SINGAPORE: Second Trade and Industry Minister S Iswaran said Singaporeans must have an honest discussion about the country’s immigration policy, no matter how unpalatable it may be.
Mr Iswaran was speaking to reporters on the sidelines of a dialogue session a day after his ministry released a report on population and the economy.
It was a vigorous night—time session for the participants where they discussed the pros and cons, shared their views, and gave suggestions.
What stood out at the session, said Minister Iswaran was that there was no outright rejection of foreign manpower.
"I don’t think the basis of the discussion is xenophobia, which is very heartening. What I think they’re trying to come to grips with, and I think we all are, is really how our demography impacts our economy, the opportunities for ourselves, our children and in turn, how immigration and foreign manpower can help us," said Mr Iswaran.
The discussion centred on how to bring foreigners in judiciously and this is where Singapore needs to find the right balance.
Mr Iswaran said: "So a calibrated approach to immigration, a calibrated approach to bringing in foreign manpower and having a sustained economic policy means being able to grow at a rate where on the one hand, the additions to our local population mix is done at a rate which we can sustain as a society and we can move with that and adapt to it. But at the same time, it is done at a rate where our economy can continue to generate opportunities for our Singaporeans."
During the dialogue, many participants spoke passionately about how Singapore may need to re—prioritise its values and some said perhaps it is time to move away from material aspirations.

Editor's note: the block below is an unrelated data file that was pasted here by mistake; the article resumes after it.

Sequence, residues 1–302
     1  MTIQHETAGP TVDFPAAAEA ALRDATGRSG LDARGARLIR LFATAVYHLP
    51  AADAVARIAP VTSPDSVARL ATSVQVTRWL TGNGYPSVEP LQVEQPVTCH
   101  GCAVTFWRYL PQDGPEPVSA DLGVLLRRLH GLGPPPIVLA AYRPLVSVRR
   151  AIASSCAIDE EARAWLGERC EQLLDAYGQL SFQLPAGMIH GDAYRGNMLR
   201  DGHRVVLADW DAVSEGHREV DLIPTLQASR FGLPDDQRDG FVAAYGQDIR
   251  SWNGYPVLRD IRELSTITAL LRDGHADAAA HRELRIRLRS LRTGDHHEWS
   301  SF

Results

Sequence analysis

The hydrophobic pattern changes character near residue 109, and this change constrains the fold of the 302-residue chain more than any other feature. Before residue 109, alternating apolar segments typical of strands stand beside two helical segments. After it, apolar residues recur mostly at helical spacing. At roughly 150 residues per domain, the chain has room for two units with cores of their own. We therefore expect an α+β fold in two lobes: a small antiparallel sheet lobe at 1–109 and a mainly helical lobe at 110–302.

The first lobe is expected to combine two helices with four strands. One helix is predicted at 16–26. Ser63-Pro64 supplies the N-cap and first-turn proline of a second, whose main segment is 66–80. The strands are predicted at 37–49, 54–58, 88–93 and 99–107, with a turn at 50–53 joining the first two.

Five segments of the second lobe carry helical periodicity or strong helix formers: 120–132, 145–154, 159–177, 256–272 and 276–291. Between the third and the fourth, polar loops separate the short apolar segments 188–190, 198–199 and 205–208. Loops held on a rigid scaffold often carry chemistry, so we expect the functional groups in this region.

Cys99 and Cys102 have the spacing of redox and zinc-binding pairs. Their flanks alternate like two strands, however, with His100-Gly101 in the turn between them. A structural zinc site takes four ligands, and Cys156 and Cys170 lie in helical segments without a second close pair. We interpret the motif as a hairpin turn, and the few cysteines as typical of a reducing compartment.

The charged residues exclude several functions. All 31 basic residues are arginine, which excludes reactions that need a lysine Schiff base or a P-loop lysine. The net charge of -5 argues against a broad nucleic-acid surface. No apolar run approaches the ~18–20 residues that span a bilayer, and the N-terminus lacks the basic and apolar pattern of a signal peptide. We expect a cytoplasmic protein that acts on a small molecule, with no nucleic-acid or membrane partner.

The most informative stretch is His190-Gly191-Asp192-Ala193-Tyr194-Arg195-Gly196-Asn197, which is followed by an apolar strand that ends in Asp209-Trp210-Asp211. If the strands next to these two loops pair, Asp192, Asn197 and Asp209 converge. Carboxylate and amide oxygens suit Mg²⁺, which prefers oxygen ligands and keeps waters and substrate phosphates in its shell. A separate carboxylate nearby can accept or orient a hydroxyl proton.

Acting Manpower Minister Tan Chuan—Jin, who was also at the event, warned that this sentiment pre—supposes Singapore has arrived and that survival is not an issue.
He said there are individual choices but the government needs to provide a baseline that is jobs, security and social mobility.
Mr Tan said: "At the end of the day, what we are trying to do is what makes sense for Singaporeans. What is best for our people as individuals and what is best for us as a society? All the dots must connect back because otherwise it makes no sense in whatever we are doing, especially at the government level.
"GDP cannot be an end in itself. High growth cannot be an end to itself. It’s about what will really benefit and make life better for Singaporeans and what will make life better for us as a society and even in that, there are inherent tensions."
Mr Iswaran added that if the economy stagnates, the option to pursue non—material aspirations would not even be there.
One participant, who is a representative from the Association of Small and Medium Enterprises, spoke about how difficult it is for SMEs to find manpower, with the tightening of the foreign worker quota and higher levies.
Mr Tan replied if the government were to free up the space, every company would then appeal and the number of foreign workers would go up.
He said the question is how to calibrate and slow down the growth of the foreign workforce while still allowing companies to remain viable.
Citing the experience of other developed countries, he said more can be done to increase productivity.
He urged companies to wean off from a free flowing labour market.
Participants also raised issues on how to improve Singapore’s fertility rate.
The dialogue was organised by the National Population and Talent Division and inputs are expected to go into a White paper on population polices, to be released early next year.
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